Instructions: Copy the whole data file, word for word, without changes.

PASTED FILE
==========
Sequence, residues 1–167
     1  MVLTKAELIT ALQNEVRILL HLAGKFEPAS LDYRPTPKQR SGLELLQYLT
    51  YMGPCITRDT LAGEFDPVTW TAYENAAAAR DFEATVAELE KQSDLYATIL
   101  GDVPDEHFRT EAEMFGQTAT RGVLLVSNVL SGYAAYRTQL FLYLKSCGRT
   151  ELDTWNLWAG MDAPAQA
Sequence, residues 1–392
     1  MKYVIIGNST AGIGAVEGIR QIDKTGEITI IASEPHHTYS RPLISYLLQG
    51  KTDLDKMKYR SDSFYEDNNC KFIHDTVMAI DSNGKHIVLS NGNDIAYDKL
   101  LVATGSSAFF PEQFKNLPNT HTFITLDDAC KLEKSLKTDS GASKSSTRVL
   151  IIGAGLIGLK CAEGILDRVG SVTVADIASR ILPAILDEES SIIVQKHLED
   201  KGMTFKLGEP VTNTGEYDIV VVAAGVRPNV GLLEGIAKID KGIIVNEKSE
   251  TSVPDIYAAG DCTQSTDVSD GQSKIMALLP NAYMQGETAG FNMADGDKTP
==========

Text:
Sequence, residues 1–167
     1  MVLTKAELIT ALQNEVRILL HLAGKFEPAS LDYRPTPKQR SGLELLQYLT
    51  YMGPCITRDT LAGEFDPVTW TAYENAAAAR DFEATVAELE KQSDLYATIL
   101  GDVPDEHFRT EAEMFGQTAT RGVLLVSNVL SGYAAYRTQL FLYLKSCGRT
   151  ELDTWNLWAG MDAPAQA
Sequence, residues 1–392
     1  MKYVIIGNST AGIGAVEGIR QIDKTGEITI IASEPHHTYS RPLISYLLQG
    51  KTDLDKMKYR SDSFYEDNNC KFIHDTVMAI DSNGKHIVLS NGNDIAYDKL
   101  LVATGSSAFF PEQFKNLPNT HTFITLDDAC KLEKSLKTDS GASKSSTRVL
   151  IIGAGLIGLK CAEGILDRVG SVTVADIASR ILPAILDEES SIIVQKHLED
   201  KGMTFKLGEP VTNTGEYDIV VVAAGVRPNV GLLEGIAKID KGIIVNEKSE
   251  TSVPDIYAAG DCTQSTDVSD GQSKIMALLP NAYMQGETAG FNMADGDKTP